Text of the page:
Prepare for changes with effective solutions
If change brings opportunity, we may be entering a world where opportunity lies around every corner. While we currently don’t know what tax provisions will be passed into law, we do know that the earlier we begin planning, the more prepared we can be.
In early September, the powerful House Ways and Means Committee released a proposal with the intent of funding President Biden’s ambitious agenda. The proposal includes changes to our current tax system in multiple ways, including:
- The corporate tax rate moving from 21% to 26.5%
- The top capital gains rate moving from 20% to 25%
- Removal of Roth conversion for some
- Impacts to large IRA balances
Let’s look at the proposed changes to the top income tax rate, the lifetime exemption and grantor trusts.
Change: The proposal would increase the highest income tax rate to 39.6% from the current 37% while reducing the income threshold to get there to $400,000 for single filers and $450,000 for married filers.
Consider: Permanent life insurance offers tax-deferred growth of cash value and distributions on a tax-advantaged basis when a policy is structured properly. For high-income earners, this may be an opportunity to use cash value from life insurance in retirement to lower the total rate paid on all their cash flow. A source of funding may be to reallocate dollars they are already saving. A variable universal life policy offers access to subaccounts that offer familiar names to those participating in IRA or 401(k) plans.
Change: A question we seem to get the most revolves around what will happen to the exemption. The House Ways and Means proposal effectively eliminates the Tax Cuts and Jobs Act with respect to the exemption by accelerating the originally planned sunset. In the proposal, the date moves up four years from December 31, 2025, to December 31, 2021. This means the exemption would move from $11.7 million for individuals to roughly $6 million. We may truly be in a “use it or lose it” scenario.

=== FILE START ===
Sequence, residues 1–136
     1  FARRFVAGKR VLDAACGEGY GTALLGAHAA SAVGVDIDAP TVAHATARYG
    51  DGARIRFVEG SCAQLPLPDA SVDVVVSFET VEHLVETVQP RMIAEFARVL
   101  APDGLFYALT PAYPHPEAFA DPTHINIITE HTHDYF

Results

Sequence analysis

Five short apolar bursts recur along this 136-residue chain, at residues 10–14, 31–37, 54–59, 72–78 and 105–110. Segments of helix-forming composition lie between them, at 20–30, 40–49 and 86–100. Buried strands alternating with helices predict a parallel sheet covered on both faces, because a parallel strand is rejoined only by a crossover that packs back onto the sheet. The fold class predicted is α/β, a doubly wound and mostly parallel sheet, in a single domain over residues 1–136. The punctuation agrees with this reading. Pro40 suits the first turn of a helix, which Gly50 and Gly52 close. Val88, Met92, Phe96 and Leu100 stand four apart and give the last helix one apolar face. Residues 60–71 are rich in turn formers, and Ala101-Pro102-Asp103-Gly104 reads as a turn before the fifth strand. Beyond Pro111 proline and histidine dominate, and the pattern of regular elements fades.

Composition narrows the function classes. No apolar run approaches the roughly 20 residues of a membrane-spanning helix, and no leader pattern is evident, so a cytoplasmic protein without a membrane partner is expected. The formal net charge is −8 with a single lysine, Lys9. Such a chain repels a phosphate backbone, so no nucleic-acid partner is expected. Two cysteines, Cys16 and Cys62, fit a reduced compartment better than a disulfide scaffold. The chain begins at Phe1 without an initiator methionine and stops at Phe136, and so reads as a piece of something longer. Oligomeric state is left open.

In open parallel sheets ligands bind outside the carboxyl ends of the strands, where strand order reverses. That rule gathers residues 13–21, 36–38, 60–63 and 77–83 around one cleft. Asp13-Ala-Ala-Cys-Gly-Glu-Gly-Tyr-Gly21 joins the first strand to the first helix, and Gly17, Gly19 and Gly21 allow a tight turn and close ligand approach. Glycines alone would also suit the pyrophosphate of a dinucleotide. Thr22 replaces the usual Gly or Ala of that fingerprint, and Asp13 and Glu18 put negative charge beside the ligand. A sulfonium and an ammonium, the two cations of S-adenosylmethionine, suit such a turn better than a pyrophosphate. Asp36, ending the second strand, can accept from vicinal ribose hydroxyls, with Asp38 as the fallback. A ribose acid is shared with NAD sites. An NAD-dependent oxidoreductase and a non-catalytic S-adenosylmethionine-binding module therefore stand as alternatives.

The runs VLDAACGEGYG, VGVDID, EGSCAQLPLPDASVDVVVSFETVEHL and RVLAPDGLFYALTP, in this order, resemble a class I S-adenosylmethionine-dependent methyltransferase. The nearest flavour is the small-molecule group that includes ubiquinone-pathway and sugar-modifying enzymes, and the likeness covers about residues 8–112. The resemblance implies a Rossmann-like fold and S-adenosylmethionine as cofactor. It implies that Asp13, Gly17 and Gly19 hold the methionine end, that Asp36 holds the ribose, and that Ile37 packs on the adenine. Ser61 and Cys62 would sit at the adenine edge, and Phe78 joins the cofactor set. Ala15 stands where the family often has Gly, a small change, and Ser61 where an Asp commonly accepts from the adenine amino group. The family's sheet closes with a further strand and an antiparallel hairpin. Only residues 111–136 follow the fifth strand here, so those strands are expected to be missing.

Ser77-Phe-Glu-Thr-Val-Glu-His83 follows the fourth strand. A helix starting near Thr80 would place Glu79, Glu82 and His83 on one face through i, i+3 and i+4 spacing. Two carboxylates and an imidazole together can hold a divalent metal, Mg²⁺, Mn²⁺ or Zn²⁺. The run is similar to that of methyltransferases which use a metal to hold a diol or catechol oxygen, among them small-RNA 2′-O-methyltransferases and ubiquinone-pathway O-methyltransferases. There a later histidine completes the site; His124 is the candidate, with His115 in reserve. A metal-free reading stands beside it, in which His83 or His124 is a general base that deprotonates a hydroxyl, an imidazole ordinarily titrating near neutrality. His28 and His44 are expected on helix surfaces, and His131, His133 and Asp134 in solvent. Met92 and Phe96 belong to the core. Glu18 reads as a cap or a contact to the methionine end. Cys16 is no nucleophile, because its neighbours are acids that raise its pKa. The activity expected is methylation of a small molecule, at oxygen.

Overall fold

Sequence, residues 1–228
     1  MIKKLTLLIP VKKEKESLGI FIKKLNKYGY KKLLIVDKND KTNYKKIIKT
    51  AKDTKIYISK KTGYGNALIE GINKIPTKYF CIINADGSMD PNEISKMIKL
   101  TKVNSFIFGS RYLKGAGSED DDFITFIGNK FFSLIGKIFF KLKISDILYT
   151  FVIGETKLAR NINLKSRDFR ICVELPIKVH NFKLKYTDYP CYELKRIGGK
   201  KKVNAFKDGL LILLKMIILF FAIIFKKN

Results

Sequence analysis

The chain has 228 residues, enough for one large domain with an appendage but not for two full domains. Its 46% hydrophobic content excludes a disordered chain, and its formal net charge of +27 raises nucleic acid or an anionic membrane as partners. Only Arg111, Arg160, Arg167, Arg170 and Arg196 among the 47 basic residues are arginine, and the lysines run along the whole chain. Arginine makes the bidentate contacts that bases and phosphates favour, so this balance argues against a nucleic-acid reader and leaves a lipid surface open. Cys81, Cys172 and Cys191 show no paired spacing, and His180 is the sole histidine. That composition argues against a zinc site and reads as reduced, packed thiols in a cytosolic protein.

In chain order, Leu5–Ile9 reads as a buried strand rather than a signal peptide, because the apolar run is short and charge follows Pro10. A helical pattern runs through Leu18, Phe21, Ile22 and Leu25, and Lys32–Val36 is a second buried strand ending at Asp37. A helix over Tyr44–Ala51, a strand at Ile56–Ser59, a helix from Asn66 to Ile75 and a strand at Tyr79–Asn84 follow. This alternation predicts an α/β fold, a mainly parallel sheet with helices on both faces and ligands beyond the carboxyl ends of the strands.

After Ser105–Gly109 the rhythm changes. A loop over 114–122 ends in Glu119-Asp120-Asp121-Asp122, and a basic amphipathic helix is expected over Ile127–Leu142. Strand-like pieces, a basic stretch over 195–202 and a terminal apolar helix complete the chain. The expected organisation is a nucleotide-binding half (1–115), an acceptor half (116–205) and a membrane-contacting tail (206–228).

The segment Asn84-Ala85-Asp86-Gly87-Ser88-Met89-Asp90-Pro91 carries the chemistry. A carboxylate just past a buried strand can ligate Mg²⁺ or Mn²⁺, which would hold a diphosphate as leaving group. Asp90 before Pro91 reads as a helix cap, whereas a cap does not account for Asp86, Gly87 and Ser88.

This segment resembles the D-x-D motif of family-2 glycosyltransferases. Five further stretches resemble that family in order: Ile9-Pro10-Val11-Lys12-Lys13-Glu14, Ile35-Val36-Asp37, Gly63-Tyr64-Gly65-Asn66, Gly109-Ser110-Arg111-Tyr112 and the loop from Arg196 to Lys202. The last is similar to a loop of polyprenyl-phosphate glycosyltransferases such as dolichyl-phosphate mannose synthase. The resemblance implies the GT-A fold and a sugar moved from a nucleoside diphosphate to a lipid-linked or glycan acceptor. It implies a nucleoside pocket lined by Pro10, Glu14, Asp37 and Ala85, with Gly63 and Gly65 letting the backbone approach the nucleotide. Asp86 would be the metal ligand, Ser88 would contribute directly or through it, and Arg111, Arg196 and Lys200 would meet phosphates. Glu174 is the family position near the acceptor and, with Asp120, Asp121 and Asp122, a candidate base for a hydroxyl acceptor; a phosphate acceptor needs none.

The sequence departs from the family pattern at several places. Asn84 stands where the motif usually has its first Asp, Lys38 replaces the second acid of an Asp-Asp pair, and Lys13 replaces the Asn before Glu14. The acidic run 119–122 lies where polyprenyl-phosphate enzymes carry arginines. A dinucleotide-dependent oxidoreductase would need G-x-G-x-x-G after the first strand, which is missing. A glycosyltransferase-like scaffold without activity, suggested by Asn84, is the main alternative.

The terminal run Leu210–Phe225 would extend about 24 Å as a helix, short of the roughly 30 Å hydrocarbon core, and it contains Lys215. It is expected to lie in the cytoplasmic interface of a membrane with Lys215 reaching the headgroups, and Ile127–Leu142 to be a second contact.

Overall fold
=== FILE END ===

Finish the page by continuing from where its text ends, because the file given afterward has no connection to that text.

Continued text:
Consider: Can you lock in the $11.7M? Technically, no. However, life insurance offers an option for those concerned, but not able to make a maximum gift. Rather than gift too much and be uncomfortable — or do nothing — perhaps make a smaller gift that guarantees the heirs get the current applicable exemption. For example, a male age 60 with preferred underwriting could make a gift of $4M to a trust that buys $11.7M of variable universal life insurance, guaranteed for life. This gives $11.7M of liquidity at death, which is not includable in the estate and doing so at a discounted amount when comparing premium paid to the death benefit.
Change: Grantor trusts, long used in estate planning, face major changes and challenges. The first is that assets held in a grantor trust would be included in the decedent’s taxable estate when the decedent is the deemed owner of the trust (the grantor). In addition, sales between a grantor trust and its deemed owner (the grantor) would be treated as sales between the owner and a third party. These provisions would be applicable for trusts created after the date of enactment and to any portion of a preexisting trust attributable to a contribution made after the date of enactment.
Consider: The first step to avoid this is recognizing that new grantor trusts must be created and funded before the enactment date, which is subject to change. Contributions to existing grantor trusts after the effective date of the provision will cause that portion of the trust to be impacted by the new rule, and possibly lose grandfathering under the current rules. It is suggested that an existing grantor trust could still purchase assets from the grantor (at fair market value) until enactment date.
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Lincoln is here to help support you as you address client concerns and make changes to align their financial goals with the current environment.
Connect with your Lincoln Life Wholesaler or call us at 866-247-1604.
About the author
Tim O'Connell manages Lincoln’s Advanced Sales team that supports all life insurance products. He previously worked as both a national internal and external wholesaler helping agents and financial professionals with multiple products and product lines. Prior to that, he was a financial professional specializing in comprehensive financial planning and his office was voted number one in sales for five consecutive years.
He holds a FINRA Series 6, 63 and Connecticut life, accident and health license, and resides in Connecticut.